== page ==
How do they do it?

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As a writer currently slogging through her second round of editing, the light at the end of the tunnel looks farther away than ever before.  I guess everyone starts to flag at the end of the race, but I can’t help but wonder: am I taking too long?  How to other authors do it?

Go to Fantastic Fiction, search for a popular modern author, and take a look at their publication dates.  Nora Roberts, Janet Evanovich, Debbie Macomber, Fern Michaels, John Sandford, David Baldacci, James Patterson + Another Random Author… all of them release at least one book a year.  Some release two or more!  And I end up sitting there, jaw on the floor, asking, “HOW?!”

I’ve heard the argument that these books aren’t of very high quality and probably can’t be with such a fast turnaround, and that’s probably true.  But the books are still fulfilling their primary purpose: to be read.  Yes, it’s great to write for yourself, but most writers want to share their work.  We want readers.

So many stories are knocking around in my head, and I’ve had to grapple with the fact that I probably won’t get all of them written down before I die.  So I’m trying to focus on the best ones, the ones with the most meaning or interest for me.  And yet I’ve been working on Ravens and Roses for almost five years.  (Longer if you start with when the idea was first conceived.)  The first draft alone took two years to be more or less finished.

The fastest that I’ve ever completed a first draft was when I participated in the Jim Henson’s Dark Crystal Author Quest.  My entry, Search of the Sun-Child, took three months.  “Bravo!” you might say, but please understand that for three months I did nothing else.  Every scrap of free time before, after, and sometimes even during, my day job was spent writing.  The pace was brutal, and I’m honestly not sure if I could do it again, even if I wanted to.  (The draft is still sitting in a folder, waiting to be edited so I can post it on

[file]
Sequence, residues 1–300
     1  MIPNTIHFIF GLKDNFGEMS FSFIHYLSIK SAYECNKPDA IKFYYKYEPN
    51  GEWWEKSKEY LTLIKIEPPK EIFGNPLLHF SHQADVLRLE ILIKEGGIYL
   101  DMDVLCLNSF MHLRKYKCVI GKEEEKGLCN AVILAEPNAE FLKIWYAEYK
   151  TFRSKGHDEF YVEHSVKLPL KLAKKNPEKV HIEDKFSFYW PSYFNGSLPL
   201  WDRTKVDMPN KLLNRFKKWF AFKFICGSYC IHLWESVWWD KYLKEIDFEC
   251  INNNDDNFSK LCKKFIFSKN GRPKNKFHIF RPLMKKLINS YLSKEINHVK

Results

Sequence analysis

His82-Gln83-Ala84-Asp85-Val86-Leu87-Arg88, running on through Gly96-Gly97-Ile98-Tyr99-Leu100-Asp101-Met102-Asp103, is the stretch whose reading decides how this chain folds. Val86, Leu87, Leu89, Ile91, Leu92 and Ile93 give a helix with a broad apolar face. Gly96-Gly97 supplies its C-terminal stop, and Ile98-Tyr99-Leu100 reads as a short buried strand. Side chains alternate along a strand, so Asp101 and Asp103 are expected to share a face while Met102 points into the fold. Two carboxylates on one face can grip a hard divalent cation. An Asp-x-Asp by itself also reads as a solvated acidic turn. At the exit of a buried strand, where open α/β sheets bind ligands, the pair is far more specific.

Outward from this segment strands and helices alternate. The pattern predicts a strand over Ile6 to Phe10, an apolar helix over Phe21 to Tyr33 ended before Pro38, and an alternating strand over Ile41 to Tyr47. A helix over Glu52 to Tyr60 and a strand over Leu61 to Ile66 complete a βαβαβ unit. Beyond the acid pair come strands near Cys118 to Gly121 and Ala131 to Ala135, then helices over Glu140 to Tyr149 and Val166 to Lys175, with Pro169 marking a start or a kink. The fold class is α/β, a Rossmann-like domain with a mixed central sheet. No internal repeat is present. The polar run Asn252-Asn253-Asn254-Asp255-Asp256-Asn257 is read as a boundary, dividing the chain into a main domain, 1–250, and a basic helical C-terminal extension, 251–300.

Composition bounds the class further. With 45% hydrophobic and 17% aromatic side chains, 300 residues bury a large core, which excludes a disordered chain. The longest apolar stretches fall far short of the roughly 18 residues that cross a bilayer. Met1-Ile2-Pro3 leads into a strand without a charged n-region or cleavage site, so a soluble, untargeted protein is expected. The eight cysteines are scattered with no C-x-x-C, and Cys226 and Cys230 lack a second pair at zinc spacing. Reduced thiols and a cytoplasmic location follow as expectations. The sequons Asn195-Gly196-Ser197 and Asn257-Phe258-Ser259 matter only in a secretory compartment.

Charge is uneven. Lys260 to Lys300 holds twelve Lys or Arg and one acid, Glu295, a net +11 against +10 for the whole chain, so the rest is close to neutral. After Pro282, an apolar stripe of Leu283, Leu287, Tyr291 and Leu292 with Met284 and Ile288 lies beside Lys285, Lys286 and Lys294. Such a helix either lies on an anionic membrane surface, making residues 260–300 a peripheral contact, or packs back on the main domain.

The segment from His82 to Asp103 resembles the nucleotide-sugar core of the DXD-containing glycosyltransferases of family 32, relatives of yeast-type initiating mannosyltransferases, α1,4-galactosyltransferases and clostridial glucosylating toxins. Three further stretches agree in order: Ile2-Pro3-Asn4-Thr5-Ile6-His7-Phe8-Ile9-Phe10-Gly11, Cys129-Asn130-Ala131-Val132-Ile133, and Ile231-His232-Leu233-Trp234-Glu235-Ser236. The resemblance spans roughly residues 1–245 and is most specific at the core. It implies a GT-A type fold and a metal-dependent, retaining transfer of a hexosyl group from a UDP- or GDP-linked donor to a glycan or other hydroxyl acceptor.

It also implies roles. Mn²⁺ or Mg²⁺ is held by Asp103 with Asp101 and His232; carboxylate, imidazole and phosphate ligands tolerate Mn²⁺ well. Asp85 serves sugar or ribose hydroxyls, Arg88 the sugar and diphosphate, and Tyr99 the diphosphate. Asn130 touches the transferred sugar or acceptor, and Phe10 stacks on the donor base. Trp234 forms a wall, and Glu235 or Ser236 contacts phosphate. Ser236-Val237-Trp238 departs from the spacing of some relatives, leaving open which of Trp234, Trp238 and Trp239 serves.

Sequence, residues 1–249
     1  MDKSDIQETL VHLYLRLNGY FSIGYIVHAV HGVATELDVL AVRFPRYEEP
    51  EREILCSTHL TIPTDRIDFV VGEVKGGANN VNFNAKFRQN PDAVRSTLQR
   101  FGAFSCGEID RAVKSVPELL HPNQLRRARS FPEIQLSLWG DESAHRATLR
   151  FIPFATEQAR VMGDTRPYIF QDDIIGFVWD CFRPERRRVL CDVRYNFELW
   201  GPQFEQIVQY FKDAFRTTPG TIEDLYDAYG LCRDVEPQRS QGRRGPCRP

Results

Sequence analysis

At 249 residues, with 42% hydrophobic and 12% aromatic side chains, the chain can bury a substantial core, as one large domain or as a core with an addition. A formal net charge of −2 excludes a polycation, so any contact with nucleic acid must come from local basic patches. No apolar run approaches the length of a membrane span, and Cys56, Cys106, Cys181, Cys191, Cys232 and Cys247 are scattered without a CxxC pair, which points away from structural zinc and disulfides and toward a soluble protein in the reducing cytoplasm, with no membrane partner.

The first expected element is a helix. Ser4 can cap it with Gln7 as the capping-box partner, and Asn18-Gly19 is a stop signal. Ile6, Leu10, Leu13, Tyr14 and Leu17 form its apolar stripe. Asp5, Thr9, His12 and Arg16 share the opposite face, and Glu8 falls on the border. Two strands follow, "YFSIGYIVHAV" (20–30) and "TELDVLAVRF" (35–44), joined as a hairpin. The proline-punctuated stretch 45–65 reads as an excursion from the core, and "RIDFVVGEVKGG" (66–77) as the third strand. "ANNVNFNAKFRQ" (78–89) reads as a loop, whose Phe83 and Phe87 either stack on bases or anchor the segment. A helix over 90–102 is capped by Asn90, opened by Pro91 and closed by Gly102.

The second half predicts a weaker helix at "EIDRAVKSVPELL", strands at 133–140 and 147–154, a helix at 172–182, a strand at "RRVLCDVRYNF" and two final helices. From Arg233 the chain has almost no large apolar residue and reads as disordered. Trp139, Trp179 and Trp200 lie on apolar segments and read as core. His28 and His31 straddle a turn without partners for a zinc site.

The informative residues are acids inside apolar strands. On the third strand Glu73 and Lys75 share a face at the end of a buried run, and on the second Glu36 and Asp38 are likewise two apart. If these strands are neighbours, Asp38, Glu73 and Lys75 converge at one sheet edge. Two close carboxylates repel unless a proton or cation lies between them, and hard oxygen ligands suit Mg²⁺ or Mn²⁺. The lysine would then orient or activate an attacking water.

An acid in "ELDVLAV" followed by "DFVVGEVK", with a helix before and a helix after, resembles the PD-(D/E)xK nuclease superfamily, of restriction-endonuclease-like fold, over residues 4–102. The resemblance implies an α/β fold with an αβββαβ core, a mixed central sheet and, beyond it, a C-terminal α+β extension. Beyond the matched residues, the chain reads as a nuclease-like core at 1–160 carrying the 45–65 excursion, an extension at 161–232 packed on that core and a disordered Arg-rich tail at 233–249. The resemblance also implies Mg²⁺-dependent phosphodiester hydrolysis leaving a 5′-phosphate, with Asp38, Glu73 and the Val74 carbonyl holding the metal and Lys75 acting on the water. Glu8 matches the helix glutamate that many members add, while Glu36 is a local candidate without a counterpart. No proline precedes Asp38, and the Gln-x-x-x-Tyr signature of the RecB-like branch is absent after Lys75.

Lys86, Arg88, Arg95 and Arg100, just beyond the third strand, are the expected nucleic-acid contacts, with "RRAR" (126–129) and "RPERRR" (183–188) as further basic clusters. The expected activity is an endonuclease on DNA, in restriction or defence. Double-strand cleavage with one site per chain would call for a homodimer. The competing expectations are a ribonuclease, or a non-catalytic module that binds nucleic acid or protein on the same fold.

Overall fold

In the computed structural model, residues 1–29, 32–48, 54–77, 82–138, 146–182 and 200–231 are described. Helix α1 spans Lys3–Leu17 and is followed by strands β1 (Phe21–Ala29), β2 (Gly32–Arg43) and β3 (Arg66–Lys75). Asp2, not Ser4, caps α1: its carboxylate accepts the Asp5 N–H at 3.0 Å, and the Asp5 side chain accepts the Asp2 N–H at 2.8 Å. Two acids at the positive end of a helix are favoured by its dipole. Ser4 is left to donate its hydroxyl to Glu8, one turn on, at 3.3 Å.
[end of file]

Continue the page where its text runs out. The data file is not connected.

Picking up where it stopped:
My dad and brothers have urged me to “just crap something out and publish it under a pseudonym.”  And yes, that is something I could probably do.  But there are a few problems with that idea:

  1. Time spent writing this hypothetical crap-novel is time stolen from my “real” projects.
  2. The finished product would be of inferior quality.
  3. Pride.

Number 3 is my biggest stumbling block.  I am unwilling to compromise my standards just to become published.  I don’t want to write crappy stories; I want to write good ones!  I want to release work that I’m proud of, that I can look at without (much) shame and say, “Yeah.  I made this.”

What are your thoughts on this topic?  Is it better to write well or write quickly?  Is it possible to do both?  What seems like a reasonable amount of time to spend on a project?  What is the shortest project you’ve worked on so far?  The longest?  How do you feel about this pseudonym idea?

P.S.  The song in this music video kind of sums up my ambivalence about taking so long to finish anything:

One thought on “How do they do it?

  1. Most of the authors you mentioned churning out books are ones with on going series. Which I’m sure have had groundwork laid out for a long time. Unless you are James Patterson. Whom lately likes to just add his name to any “up and coming” author. I tend to not like these books, but I love his individual stuff.

    Though to answer your question, I rather wait for quality, then to have rushed crap. Example. Most TV shows vs Sherlock. The average show is for the most part, sub par and you can take it or leave it. Sherlock takes 2 years to get a season of 3 measly episodes done, and is amazing every episode.

    I also think that most modern authors write multiple things at once, or are just used to it and it is just a familiar thing to do. They could also plan these things out years in advance. I am curious to know how long their first book took them to write… It seems exausting. But like anything with practice, it becomes easier and quicker.

    Hang in there. The light is closer then you think. 🙂

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